Original article by Alexandra Harney- Reuters
After a test showed farmer Zhao Heping's toddler grandson had high levels of lead in his blood two years ago, local officials in China's Hunan province offered the child medicine, he says – and milk. In return, Zhao says, officials asked that he hand over his grandson's blood test results.
Zhao was not alone. Eight residents of Dapu, a rural town of about 62,000 dotted with smelters and chemical plants, say families of children diagnosed with lead exposure were offered milk, but only if they surrendered their test results. The milk, residents recall officials saying, would flush the lead out of the children's bodies.
"I still give my grandsons milk, but it's useless," said Mao Baozhu, 61, a local resident who says her three grandchildren have all been diagnosed with high lead levels. "Isn't the resident's committee just trying to deceive us by distributing milk and saying all the kids have to do is drink it and they'll be cured?"
Allegations by villagers of the crude attempts by local officials to cover up the health effects of the environmental damage in Dapu by offering milk for medical records underscores the challenges China faces in waging the "war on pollution" premier Li Keqiang announced in March.
Environmental pollution is increasingly a source of social unrest in China. In agricultural areas like Dapu, air, soil and water pollution from local factories can deprive farmers of their livelihoods and rob them of their health. Cancer rates in some polluted villages are so high that they are known as "cancer villages".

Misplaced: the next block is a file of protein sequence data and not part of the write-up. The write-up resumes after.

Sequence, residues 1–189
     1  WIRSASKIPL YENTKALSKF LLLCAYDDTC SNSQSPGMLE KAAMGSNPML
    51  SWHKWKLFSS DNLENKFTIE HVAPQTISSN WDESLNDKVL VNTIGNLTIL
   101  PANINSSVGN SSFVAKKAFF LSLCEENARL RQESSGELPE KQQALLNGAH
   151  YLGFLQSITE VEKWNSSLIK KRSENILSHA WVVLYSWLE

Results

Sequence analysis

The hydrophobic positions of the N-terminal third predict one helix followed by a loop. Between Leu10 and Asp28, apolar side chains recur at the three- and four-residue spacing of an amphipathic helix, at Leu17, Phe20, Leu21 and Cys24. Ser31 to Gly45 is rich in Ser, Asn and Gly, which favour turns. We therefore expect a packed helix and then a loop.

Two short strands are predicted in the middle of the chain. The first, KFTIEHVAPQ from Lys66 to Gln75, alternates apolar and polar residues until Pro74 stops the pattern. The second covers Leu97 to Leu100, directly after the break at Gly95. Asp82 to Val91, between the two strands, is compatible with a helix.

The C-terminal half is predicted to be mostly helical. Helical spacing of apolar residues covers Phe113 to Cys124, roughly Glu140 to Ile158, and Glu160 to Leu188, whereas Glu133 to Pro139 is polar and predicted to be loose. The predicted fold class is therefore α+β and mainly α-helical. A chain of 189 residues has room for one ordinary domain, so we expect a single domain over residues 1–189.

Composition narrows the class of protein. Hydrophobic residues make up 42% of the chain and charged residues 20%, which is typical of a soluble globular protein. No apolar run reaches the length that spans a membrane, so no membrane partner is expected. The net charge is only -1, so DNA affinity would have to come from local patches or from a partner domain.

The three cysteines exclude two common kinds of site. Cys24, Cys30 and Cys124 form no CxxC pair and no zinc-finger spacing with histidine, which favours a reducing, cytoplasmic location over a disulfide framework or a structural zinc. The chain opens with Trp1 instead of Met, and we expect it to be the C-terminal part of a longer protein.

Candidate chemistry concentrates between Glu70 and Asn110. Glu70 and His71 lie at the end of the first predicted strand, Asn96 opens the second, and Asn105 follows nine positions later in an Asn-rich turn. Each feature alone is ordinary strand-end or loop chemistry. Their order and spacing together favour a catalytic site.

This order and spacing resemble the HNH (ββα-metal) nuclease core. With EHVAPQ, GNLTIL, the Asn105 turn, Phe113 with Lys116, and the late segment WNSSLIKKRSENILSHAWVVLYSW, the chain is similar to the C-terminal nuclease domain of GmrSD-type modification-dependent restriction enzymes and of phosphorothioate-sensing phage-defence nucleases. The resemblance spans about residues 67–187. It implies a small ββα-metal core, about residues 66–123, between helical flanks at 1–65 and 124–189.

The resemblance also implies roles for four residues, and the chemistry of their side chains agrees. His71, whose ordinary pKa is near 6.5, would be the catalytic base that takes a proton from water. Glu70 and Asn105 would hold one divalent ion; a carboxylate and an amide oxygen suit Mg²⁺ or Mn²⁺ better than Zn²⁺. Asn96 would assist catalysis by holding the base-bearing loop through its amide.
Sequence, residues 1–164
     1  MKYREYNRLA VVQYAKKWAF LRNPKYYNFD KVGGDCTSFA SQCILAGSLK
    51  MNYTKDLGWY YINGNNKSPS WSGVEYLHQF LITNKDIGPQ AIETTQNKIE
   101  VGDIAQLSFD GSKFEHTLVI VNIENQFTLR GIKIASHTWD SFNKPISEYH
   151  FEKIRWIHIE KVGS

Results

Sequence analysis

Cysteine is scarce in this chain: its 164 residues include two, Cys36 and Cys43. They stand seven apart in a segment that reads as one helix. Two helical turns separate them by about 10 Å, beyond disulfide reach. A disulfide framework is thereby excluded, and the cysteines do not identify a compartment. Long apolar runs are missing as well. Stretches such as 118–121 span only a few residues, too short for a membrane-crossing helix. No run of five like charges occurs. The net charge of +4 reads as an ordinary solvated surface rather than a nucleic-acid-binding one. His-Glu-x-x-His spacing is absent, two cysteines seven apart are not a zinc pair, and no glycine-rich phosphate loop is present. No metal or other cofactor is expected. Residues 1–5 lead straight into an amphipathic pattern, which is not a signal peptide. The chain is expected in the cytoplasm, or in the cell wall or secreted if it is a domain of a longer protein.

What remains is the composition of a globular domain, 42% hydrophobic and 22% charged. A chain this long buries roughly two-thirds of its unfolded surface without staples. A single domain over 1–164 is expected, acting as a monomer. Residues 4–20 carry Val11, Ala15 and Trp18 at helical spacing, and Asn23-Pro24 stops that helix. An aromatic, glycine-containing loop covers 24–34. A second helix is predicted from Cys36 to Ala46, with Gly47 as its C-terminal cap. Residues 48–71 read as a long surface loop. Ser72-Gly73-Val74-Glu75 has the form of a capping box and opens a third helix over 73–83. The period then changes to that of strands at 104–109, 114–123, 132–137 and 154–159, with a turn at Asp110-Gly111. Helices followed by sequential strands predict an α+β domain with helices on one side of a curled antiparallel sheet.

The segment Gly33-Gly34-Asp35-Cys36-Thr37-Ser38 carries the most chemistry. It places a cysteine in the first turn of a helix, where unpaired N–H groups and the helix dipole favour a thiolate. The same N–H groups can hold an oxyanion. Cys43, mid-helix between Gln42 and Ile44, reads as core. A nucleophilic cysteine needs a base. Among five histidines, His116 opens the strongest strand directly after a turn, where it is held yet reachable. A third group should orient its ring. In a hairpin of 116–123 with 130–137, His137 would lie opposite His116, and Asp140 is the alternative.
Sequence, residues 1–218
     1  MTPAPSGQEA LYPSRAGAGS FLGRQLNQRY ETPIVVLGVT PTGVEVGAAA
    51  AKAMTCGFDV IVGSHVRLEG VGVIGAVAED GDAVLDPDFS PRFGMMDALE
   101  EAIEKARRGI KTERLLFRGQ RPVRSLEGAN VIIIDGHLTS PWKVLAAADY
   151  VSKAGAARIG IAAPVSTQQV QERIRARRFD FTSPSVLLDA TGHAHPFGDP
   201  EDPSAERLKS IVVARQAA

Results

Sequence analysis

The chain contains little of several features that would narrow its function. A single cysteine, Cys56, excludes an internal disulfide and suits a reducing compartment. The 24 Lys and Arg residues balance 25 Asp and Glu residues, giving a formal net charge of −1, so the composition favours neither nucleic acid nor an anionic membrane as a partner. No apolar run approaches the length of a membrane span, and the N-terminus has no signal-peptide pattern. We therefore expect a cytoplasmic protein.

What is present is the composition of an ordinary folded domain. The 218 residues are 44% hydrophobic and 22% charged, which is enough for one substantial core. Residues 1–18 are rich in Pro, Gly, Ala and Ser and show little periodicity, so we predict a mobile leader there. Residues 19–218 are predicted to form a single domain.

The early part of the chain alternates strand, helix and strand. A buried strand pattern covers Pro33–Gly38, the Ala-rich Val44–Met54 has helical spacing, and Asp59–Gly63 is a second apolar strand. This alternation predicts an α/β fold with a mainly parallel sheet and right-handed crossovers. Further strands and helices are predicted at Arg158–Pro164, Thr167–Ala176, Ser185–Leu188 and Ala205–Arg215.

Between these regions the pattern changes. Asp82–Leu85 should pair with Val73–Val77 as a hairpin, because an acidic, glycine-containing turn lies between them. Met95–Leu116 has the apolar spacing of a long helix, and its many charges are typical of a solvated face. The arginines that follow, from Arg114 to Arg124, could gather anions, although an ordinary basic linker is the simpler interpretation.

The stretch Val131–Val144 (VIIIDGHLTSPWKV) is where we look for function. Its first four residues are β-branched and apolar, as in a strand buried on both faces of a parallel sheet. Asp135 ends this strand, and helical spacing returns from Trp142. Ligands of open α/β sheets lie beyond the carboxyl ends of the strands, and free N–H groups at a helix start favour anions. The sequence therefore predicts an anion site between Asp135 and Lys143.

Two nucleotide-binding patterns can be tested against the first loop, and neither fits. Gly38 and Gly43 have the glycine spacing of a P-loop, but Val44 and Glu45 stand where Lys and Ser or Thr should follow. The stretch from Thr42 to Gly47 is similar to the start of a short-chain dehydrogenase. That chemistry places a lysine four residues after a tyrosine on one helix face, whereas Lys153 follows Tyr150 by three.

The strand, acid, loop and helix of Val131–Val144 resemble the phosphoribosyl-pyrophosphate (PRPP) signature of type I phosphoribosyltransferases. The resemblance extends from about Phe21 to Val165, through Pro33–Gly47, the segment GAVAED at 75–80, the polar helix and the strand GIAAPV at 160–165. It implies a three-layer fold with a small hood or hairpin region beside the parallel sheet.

The belief that milk can treat lead poisoning is widespread in China. The National Health and Family Planning Commission recommends "nutritional intervention" for children exposed to lead because they may have nutritional deficiencies, among other treatments.
Better nutrition does not lower lead levels, though, according to the U.S. Centers for Disease Control and Prevention (CDC). It recommends eliminating the source of pollution and, in extreme cases, treatment to remove heavy metals from the body.
In response to questions from Reuters, the National Health and Family Planning Commission reiterated its nutritional guidance and noted that dairy and bean products could be offered to children suffering from lead exposure.
But it added that its guidelines went well beyond nutrition, and it was neither "complete nor correct" to say that milk flushed lead out of the body. It also recommended removing the source of lead pollution and medical treatment in severe cases.